Use the present if what Peter was trying to convey is about something being true in general or persistently (regardless of whether that something is in fact true in general...).
This example is clearer, I think: Peter said the sky is blue -- vs -- Peter said the western sky was a particularly bright orange when the sun hit the horizon that evening.
Yes, you can remove that "that". But the sentence can be easier to understand, esp. by some non-native English speakers, if you leave it in. And esp. since you do not use "the formula B" here, you can say "... that formula A is based on formula B."
Take time and tense out of the question, to see what it means to make a general (and atemporal) statement (which one can make at any point in time). And no, quotation need not be involved either.
- Water is a colorless, transparent liquid. [general statement about the nature of water]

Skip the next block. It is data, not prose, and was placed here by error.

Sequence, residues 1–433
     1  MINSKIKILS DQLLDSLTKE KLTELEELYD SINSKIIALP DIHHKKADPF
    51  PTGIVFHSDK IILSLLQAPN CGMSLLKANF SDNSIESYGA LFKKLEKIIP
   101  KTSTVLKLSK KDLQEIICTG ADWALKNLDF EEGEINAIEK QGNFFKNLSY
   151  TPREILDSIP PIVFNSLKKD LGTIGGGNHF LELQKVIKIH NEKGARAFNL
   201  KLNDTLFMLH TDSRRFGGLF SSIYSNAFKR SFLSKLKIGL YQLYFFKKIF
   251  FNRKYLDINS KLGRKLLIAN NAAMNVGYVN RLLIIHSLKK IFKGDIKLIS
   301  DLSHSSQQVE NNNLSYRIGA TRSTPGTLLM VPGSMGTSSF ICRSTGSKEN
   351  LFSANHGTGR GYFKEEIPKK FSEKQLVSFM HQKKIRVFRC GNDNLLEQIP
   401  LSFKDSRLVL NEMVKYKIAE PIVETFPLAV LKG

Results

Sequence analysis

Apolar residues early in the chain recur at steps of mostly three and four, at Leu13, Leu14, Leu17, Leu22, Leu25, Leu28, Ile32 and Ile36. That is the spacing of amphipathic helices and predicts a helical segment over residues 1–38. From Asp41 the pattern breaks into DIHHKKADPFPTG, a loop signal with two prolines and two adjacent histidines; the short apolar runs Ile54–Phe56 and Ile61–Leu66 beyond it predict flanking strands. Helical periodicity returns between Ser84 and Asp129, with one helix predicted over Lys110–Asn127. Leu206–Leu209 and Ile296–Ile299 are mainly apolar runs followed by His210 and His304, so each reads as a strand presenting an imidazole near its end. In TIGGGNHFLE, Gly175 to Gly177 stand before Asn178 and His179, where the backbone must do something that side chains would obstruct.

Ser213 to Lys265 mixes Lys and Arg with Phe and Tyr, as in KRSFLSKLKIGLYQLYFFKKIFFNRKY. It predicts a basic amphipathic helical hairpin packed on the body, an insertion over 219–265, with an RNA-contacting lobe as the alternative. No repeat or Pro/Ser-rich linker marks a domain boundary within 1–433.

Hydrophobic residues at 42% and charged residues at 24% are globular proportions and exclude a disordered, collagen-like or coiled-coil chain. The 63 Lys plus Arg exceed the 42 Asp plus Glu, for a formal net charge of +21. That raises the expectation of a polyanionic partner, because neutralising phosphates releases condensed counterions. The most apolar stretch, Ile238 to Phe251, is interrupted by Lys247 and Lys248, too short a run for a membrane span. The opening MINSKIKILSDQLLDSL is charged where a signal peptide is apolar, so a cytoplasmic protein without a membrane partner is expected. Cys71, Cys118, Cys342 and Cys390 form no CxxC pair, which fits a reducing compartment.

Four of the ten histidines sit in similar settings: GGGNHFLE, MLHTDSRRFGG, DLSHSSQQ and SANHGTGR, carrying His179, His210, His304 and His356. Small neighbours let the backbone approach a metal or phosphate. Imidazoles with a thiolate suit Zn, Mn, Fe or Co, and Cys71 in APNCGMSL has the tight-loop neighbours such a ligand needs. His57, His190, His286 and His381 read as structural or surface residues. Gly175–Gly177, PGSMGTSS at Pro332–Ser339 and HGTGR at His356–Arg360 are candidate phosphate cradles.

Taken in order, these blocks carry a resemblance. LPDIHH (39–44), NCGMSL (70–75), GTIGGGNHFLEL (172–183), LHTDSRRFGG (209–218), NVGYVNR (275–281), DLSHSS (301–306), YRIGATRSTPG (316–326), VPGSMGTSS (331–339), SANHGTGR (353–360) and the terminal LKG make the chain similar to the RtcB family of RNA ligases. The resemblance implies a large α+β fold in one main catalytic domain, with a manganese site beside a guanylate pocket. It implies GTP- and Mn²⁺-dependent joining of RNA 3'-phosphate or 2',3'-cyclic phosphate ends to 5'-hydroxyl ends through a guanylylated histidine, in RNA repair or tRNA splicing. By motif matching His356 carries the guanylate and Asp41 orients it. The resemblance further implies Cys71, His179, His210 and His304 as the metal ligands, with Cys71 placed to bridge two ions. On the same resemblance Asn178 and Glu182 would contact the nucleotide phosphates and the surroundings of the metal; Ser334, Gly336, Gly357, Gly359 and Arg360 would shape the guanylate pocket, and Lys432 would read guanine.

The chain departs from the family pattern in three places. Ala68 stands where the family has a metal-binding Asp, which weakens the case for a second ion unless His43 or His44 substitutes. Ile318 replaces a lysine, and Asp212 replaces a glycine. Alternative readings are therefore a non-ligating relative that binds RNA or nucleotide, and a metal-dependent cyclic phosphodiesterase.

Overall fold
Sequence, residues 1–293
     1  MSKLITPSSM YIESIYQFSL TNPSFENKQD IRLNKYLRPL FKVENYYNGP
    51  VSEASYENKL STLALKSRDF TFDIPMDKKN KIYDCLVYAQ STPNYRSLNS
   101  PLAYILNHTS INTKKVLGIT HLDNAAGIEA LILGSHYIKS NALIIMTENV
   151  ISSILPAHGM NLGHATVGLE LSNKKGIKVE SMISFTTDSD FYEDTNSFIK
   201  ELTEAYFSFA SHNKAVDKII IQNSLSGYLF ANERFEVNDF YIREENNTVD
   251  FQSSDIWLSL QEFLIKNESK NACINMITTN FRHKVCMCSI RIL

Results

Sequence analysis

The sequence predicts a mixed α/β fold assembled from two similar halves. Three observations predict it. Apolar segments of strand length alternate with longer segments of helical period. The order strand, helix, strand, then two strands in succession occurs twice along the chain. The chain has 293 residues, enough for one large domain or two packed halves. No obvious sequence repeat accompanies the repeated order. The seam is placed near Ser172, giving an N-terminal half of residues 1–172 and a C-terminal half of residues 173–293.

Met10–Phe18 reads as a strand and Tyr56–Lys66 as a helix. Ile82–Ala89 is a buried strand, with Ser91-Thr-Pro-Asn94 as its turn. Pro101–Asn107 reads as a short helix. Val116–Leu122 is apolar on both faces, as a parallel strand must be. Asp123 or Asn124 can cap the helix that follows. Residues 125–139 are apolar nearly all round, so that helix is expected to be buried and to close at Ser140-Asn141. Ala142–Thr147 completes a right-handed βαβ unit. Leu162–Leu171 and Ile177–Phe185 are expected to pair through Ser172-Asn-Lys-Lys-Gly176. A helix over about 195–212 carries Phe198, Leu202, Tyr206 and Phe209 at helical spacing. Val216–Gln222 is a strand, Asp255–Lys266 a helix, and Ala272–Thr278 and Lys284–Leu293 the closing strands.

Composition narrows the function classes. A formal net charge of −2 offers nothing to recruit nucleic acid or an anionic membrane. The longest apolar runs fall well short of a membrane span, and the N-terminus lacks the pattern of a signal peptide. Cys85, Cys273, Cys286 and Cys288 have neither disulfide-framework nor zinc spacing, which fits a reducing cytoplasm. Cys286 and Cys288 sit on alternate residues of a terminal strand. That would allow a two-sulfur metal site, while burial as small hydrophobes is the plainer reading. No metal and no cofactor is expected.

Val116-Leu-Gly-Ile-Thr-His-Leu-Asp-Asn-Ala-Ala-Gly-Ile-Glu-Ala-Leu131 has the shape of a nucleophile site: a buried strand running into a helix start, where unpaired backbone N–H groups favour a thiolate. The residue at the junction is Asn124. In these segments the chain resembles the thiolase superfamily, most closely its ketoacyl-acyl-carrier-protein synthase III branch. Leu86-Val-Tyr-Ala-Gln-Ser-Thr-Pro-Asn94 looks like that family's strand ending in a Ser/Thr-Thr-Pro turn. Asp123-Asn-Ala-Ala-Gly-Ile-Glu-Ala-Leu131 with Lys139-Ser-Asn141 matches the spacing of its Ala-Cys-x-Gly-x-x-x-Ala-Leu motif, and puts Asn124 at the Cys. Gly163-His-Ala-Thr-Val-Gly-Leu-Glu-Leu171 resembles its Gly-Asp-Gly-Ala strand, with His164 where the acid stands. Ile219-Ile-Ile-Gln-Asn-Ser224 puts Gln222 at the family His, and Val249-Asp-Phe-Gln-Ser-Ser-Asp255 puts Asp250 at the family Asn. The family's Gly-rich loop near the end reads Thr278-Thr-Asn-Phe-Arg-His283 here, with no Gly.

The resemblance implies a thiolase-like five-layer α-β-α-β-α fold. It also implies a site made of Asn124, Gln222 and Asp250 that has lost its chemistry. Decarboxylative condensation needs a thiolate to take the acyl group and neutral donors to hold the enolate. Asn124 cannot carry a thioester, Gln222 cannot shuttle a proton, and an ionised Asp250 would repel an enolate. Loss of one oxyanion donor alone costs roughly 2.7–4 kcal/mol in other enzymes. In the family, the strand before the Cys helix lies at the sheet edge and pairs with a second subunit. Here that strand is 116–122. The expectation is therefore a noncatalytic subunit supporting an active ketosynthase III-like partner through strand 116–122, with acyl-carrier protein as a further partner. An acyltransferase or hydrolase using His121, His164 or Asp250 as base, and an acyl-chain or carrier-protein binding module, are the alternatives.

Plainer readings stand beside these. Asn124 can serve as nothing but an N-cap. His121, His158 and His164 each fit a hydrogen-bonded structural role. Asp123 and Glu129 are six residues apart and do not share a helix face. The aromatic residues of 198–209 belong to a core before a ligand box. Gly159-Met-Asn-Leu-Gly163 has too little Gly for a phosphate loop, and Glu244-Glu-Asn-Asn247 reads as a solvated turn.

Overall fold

The water in my glass is cloudy and brown. [specific statement about this water]
Peter explained that water is a colorless, transparent liquid.
- Peter told the waiter that the water in his glass was cloudy and brown.
It is correct to say either of these:
- Ptolemy claimed that the Earth is at the center of the [solar] system.
- Ptolemy claimed that the Earth was at the center of the [solar] system.
They both say that Ptolemy made a general statement. Neither is incorrect. The former emphasizes the generality of what was claimed (including its abstraction from time). The latter emphasizes the claim as historical claim: the time-limited nature of its meaning.
IOW, it all depends on what you are really trying to say. This is about logic and meaning as much as it is about language (wording).
And FWIW, I agree 100% with this post about the same topic. Both can be correct, and there can be a slightly different connotation (emphasis) if you use one or the other. Neither is "awful".